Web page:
The development of a nomogram to predict post-radiation necrosis in nasopharyngeal carcinoma patients: a large-scale cohort study
Authors Li XY, Sun XS, Liu SL, Chen QY, Guo SS, Liu LT, Yan JJ, Xie HJ, Tang QN, Liang YJ, Guo L, Tang LQ, Mai HQ
Received 11 December 2018
Accepted for publication 30 April 2019
Published 8 July 2019 Volume 2019:11 Pages 6253—6263
Checked for plagiarism Yes
Review by Single-blind
Peer reviewer comments 2
Editor who approved publication: Dr Rituraj Purohit
Xiao-Yun Li,1,2,* Xue-Song Sun,1,2,* Sai-Lan Liu,1,2,* Qiu-Yan Chen,1,2 Shan-Shan Guo,1,2 Li-Ting Liu,1,2 Jin-Jie Yan,1,2 Hao-Jun Xie,1,2 Qing-Nan Tang,1,2 Yu-Jing Liang,1,2 Ling Guo,1,2 Lin-Quan Tang,1,2,* Hai-Qiang Mai1,2,*
1State Key Laboratory of Oncology in South China, Collaborative Innovation Center for Cancer Medicine, Guangdong Key Laboratory of Nasopharyngeal Carcinoma Diagnosis and Therapy, Sun Yat-sen University Cancer Center, Guangzhou 510060, People’s Republic of China; 2Department of Nasopharyngeal Carcinoma, Sun Yat-sen University Cancer Center, Guangzhou 510060, People’s Republic of China
*These authors contributed equally to this work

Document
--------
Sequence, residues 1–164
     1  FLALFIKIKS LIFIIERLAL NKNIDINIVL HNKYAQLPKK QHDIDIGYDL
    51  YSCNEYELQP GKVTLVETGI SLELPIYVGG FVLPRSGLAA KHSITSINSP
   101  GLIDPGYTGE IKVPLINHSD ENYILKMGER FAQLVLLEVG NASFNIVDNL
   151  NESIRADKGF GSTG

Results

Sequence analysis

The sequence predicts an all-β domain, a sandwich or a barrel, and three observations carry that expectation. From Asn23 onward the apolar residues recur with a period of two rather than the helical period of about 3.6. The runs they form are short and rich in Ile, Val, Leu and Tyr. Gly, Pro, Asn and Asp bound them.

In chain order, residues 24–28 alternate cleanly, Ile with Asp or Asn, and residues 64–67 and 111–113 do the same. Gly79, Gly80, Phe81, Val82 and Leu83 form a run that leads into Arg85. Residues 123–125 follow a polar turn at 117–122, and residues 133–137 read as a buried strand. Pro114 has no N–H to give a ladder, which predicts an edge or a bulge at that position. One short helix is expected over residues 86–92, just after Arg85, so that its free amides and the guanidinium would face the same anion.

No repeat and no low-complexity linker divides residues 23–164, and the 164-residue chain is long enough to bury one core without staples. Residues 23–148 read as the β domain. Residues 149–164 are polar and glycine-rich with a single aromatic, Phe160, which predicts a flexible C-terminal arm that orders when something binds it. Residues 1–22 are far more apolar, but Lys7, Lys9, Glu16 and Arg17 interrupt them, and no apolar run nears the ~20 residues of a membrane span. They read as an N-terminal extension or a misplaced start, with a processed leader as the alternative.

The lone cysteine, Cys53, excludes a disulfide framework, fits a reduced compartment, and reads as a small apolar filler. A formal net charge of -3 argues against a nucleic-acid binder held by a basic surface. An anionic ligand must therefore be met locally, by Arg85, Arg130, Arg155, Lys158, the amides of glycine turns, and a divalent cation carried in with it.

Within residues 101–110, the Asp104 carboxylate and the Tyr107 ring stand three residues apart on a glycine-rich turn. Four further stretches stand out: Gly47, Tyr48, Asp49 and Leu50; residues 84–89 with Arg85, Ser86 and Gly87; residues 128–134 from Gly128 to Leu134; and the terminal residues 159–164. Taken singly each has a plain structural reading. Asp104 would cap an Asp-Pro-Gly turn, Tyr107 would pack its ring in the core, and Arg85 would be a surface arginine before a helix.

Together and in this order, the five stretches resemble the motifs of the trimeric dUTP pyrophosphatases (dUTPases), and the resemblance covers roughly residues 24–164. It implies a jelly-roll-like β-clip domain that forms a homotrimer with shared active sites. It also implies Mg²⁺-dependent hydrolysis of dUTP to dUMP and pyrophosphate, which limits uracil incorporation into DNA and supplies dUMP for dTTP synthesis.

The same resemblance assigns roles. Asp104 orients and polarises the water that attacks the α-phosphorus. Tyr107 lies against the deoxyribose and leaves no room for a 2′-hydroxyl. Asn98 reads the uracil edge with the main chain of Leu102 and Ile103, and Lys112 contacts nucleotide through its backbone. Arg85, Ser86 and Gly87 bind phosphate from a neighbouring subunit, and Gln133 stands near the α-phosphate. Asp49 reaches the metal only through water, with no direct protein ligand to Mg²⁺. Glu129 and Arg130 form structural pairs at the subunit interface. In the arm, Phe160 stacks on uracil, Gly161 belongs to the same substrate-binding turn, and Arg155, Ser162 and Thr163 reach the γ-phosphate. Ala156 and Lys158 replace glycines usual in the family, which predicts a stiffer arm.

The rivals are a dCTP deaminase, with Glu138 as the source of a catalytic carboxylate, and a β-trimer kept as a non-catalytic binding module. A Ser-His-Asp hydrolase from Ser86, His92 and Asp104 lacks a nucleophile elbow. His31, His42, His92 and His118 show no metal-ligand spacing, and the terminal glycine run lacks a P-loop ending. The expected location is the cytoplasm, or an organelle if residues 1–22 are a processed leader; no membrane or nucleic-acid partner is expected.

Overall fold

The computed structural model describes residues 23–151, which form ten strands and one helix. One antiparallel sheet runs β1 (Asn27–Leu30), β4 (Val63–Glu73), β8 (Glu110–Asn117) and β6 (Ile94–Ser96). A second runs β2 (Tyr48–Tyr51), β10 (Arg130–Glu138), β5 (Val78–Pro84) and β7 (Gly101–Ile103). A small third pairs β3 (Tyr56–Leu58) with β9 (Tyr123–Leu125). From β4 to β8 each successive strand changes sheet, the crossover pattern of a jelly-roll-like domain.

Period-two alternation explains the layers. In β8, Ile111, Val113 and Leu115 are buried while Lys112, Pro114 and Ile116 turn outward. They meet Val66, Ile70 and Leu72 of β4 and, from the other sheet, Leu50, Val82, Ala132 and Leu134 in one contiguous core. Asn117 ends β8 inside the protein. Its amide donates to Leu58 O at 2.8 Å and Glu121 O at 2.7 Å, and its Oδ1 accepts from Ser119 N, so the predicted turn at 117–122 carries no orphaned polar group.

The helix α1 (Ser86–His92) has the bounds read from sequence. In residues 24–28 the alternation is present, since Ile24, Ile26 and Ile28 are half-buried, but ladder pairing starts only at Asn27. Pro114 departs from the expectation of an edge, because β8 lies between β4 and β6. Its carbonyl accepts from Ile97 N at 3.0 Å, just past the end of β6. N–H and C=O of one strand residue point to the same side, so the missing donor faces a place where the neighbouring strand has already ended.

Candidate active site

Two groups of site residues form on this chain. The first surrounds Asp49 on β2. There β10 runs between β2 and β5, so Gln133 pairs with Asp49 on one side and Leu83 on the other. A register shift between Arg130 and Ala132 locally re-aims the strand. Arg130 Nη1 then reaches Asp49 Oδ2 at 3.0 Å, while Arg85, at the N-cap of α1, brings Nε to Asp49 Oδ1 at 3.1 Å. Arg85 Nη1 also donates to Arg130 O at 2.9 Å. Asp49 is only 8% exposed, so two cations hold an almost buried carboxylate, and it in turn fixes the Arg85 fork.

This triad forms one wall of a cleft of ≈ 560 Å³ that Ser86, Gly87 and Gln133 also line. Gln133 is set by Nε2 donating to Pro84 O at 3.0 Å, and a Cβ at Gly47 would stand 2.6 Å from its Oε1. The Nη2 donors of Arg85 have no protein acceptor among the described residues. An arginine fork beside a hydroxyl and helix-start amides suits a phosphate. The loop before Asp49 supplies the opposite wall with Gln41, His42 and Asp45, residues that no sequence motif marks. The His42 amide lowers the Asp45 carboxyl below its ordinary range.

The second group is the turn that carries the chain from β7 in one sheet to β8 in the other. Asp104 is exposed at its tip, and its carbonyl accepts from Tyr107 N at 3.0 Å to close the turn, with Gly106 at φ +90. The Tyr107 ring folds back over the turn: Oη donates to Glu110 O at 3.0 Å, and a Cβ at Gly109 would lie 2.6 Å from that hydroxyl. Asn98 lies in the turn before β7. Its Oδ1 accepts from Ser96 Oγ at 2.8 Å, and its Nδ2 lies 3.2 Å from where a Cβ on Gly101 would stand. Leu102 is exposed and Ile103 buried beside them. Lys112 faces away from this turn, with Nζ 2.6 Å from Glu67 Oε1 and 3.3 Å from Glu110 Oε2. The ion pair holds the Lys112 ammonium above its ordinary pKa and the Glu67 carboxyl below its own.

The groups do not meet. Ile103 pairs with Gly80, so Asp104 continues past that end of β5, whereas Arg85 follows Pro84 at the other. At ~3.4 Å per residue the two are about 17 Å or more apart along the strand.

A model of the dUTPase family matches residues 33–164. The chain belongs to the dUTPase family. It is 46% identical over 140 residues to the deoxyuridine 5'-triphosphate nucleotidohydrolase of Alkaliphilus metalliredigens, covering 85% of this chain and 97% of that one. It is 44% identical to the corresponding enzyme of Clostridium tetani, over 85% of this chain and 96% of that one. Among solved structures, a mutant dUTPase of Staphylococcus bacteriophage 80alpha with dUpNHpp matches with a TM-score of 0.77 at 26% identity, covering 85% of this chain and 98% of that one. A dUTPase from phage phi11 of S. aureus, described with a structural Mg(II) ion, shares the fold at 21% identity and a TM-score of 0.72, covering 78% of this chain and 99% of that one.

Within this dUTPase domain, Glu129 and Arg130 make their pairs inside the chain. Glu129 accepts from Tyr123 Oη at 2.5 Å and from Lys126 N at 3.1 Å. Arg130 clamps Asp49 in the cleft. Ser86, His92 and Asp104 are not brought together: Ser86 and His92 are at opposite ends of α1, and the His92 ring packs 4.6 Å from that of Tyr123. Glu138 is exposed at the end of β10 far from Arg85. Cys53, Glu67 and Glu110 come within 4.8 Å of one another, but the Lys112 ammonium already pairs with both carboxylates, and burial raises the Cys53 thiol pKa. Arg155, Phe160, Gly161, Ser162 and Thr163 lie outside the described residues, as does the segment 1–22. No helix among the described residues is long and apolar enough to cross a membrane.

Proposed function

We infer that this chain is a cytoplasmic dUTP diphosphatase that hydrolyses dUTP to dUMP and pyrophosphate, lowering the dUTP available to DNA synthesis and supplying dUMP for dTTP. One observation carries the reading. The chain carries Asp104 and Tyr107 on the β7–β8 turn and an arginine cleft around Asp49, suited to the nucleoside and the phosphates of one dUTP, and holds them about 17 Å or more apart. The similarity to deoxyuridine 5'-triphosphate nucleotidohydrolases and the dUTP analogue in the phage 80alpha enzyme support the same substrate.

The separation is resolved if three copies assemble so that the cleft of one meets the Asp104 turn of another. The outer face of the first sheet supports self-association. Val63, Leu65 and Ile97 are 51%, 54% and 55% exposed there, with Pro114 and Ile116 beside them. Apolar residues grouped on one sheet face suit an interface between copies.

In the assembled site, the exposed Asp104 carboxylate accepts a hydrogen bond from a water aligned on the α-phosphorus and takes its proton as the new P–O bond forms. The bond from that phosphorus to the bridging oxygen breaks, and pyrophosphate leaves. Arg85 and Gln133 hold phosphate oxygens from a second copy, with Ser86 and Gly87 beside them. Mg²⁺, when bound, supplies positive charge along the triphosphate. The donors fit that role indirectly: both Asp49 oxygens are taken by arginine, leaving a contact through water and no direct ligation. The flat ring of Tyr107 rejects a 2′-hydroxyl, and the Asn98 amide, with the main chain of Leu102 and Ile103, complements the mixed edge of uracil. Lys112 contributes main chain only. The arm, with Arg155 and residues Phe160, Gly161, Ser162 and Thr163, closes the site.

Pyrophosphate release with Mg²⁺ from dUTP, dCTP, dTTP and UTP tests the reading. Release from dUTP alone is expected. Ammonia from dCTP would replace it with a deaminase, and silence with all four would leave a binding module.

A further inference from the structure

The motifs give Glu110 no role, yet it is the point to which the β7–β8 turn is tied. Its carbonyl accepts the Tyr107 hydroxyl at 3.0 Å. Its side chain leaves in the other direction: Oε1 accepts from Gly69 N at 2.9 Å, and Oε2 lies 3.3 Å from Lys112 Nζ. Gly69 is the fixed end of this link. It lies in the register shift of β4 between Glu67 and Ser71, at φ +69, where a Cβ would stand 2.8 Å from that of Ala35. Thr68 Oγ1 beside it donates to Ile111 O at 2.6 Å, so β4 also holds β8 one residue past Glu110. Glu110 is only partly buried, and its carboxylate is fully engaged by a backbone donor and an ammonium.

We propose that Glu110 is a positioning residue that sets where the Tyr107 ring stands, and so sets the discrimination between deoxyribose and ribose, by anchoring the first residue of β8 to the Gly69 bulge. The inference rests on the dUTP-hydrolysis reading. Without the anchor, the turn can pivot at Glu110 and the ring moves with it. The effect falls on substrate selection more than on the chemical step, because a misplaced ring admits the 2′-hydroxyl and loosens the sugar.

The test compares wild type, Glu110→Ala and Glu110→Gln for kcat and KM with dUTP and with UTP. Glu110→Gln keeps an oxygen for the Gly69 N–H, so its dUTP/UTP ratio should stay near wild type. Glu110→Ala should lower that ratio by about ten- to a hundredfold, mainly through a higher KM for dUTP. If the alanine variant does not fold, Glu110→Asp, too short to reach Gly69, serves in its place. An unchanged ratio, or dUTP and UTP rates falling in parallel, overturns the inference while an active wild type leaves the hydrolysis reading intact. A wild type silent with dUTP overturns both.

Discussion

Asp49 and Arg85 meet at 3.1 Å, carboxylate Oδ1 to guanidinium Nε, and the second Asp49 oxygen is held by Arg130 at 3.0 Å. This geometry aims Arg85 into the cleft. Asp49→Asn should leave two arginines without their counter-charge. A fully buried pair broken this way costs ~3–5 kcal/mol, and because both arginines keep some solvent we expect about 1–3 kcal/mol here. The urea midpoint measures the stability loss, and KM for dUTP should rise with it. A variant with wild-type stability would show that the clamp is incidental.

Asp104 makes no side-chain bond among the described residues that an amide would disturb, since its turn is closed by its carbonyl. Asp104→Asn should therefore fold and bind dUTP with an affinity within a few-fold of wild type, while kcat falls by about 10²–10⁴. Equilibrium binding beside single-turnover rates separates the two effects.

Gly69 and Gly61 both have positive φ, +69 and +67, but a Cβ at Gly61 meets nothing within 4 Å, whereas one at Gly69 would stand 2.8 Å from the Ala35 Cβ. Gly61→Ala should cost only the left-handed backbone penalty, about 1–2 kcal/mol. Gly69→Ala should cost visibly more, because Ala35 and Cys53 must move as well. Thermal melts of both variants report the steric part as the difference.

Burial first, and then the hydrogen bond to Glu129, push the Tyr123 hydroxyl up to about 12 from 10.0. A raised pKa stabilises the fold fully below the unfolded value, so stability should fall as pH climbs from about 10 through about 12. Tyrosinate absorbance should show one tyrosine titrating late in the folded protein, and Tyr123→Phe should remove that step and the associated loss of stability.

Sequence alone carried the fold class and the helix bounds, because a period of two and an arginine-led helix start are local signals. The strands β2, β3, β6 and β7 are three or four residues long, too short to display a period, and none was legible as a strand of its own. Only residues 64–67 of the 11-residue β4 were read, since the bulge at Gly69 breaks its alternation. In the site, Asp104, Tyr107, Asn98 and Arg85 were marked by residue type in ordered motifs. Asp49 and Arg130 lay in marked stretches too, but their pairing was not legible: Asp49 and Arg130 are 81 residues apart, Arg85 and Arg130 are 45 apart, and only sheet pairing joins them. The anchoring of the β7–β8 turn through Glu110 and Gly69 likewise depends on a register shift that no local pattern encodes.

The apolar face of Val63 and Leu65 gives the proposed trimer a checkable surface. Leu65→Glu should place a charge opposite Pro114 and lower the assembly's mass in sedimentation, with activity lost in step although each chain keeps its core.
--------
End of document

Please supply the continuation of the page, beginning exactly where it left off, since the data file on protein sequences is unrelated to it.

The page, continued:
Objective: This study aimed to establish a nomogram to predict the risk of post-radiation necrosis in nasopharyngeal carcinoma (NPC) patients.
Background: This study was performed to identify influencing factors for developing post-radiation necrosis, and to establish an effective nomogram model to predict individual risks in NPC patients.
Methods: 7144 NPC patients receiving radical radiotherapy from 2007 to 2012 were involved in the study, and 207 of them developed nasopharyngeal necrosis (NPN). The clinical characteristics and baseline laboratory results were collected and analyzed. Independent predictive factors were selected using the Cox proportional model and incorporated into the nomogram. The receiver operating characteristic curve and the calibration curve were used to verify discrimination and calibration.
Results: The experience of re-irradiation contributed most to the occurrence of NPN (HR, 15.56, 95% CI 10.84–22.35, p<0.001). Clinical factors including age, pathology type, history of diabetes, and original T stage were independent predictors of NPN. Factors reflecting patients’ baseline nutritional and inflammatory status such as hemoglobin, albumin, and C-reactive protein were also significantly associated with the development of NPN. With all independent predictive factors incorporated, a nomogram was generated, and it showed excellent discrimination and calibration.
Conclusion: This study was the first large-scale cohort study focusing on the development of NPN and established a nomogram to predict its occurrence based on the clinical and laboratory indicators. The nomogram demonstrated good discriminative capacity and satisfactory agreement, which would offer valuable clues for clinicians to distinguish the high-risk NPN population and maintain close surveillance.
Keywords: nasopharyngeal carcinoma, necrosis, radiotherapy, adverse effect
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